The Air New Zealand-Qantas Merger: an Application in the Public Interest?

Paper prepared for Debate Air New Zealand.

Keywords:Business & Finance;

Major factors in the background to the proposed merger between Air New Zealand and QANTAS are the Australian reneging on its open skies agreement with New Zealand, so that Air New Zealand does not have simple access to the Australian domestic air travel market, and the subsequent hurried – and with hindsight, foolish – purchase of Ansette Australia by Air New Zealand to obtain that access. I draw two immediate and relevant conclusions:

First, the Australian government was very willing to bully New Zealand when it thought it was in the Australian interest.

Second, hurried decisions are not necessarily good ones. That applies to the earlier merger as much as it does to this proposed one. As I understand it, Debate Air New Zealand is anxious that the merger be evaluated carefully, and not hurriedly and casually – certainly not as casually as the Air New Zealand-Ansette merger was. I agree.

The merger process goes something like this:

Next week the government of New Zealand gives its approval for the merger process to proceed. As the majority shareholder of Air New Zealand, its permission is required. However the approval should only be in terms of the narrow criteria of the New Zealand government as a shareholder. The government would be wise not to make any reference to the merger being in the public benefit.

There are two reasons for this. First it has not yet the comprehensive information to make the decision, and even if it had, a decision next week would be too hurried.

The second reason is that the merger decision then goes to the Commerce Commission for approval. The Commission will almost certainly conclude the merger will result in market increased dominance by the merged airline as far as the New Zealand domestic air travel market is concerned. Normally that would mean it would refuse permission for the merger.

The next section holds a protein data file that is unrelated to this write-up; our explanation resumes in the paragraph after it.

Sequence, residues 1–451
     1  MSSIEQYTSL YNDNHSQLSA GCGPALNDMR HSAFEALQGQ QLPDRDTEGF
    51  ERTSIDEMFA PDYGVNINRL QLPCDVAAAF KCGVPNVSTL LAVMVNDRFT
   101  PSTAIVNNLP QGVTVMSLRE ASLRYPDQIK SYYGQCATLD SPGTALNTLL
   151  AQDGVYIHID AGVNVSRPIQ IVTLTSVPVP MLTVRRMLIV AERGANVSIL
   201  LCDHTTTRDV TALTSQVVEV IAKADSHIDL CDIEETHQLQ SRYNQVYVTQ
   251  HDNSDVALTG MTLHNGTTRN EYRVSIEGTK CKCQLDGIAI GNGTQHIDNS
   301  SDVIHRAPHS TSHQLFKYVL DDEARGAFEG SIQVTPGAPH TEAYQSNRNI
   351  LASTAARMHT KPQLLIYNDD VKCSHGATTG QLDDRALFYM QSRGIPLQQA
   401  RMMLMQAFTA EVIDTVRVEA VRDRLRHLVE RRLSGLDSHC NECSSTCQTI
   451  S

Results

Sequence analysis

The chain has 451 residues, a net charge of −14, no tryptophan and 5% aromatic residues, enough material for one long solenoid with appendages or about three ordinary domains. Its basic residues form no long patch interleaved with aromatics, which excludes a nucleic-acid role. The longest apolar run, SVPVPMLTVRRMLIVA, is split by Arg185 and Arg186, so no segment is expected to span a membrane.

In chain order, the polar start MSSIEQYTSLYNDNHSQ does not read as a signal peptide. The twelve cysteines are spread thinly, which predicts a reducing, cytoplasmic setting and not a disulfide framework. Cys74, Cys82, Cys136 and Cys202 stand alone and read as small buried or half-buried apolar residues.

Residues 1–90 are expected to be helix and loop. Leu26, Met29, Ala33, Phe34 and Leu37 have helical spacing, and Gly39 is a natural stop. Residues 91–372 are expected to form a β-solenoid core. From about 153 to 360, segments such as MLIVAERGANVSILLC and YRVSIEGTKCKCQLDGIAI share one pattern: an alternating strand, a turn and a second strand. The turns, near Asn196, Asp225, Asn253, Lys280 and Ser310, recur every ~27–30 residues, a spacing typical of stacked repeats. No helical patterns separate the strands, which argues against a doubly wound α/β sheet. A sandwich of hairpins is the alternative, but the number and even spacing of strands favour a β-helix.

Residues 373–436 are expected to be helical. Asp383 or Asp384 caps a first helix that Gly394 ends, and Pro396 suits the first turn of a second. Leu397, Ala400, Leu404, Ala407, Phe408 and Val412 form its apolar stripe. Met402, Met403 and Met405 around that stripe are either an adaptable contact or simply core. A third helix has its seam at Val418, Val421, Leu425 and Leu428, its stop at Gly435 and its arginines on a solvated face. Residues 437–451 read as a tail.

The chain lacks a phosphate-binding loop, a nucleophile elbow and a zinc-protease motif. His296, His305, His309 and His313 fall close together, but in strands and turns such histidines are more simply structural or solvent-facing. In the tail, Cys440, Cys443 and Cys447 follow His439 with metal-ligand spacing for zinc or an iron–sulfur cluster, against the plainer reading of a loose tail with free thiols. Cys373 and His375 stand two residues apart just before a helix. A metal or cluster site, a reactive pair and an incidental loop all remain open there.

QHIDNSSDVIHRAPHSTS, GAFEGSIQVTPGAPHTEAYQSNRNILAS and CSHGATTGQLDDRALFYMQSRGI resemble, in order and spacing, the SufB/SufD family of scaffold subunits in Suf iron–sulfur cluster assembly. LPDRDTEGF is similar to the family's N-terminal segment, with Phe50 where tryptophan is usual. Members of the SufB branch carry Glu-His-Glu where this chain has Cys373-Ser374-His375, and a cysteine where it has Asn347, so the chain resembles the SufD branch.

However Section 36(8) of the Commerce Act 1986 states (after removal of some of some of the weighty – but for these purposes unimportant – caveats in order to get the main idea across) that

“The [Commerce] Commission shall grant an authorisation [to merge] it is satisfied that the merger …. if implemented would result in … a benefit to the public which would outweigh any detriment to the public which would result … any … strengthening a dominant position in a market.”

Were next week the government to approve the merger proceeding on any wider criteria than its shareholding interest, it would be saying something about the public benefit. As pointed out above, it is not in a position yet to make that judgement about the public benefit, but even were it, any public statement could be interpreted as an improper influence on the judicial procedure which the Commerce Commission is undertaking. Thus, next week the government needs to give the absolute minimum approval to go on the next step.

We cannot tell whether the Commerce Commission will conclude the public benefit outweighs the detriment from the increased market dominance. But I think we can say a couple of things.

The first is that the Commerce Commission is not well placed to make such an important decision. It is designed for dealing with much smaller mergers. That was the conclusion that the government came to in regard to the dairy industry merger which led to Fonterra. It took the merger decision out of the hands of the Commission, and made it a parliamentary one by special legislation. We can argue whether the ANZ-QANTAS merger is larger or smaller than the diary industry one. However they are the same order of magnitude, and the conclusion, that the Fonterra decision was too big and complex for the Commerce Commission, broadly applies to the ANZ-QANTAS merger.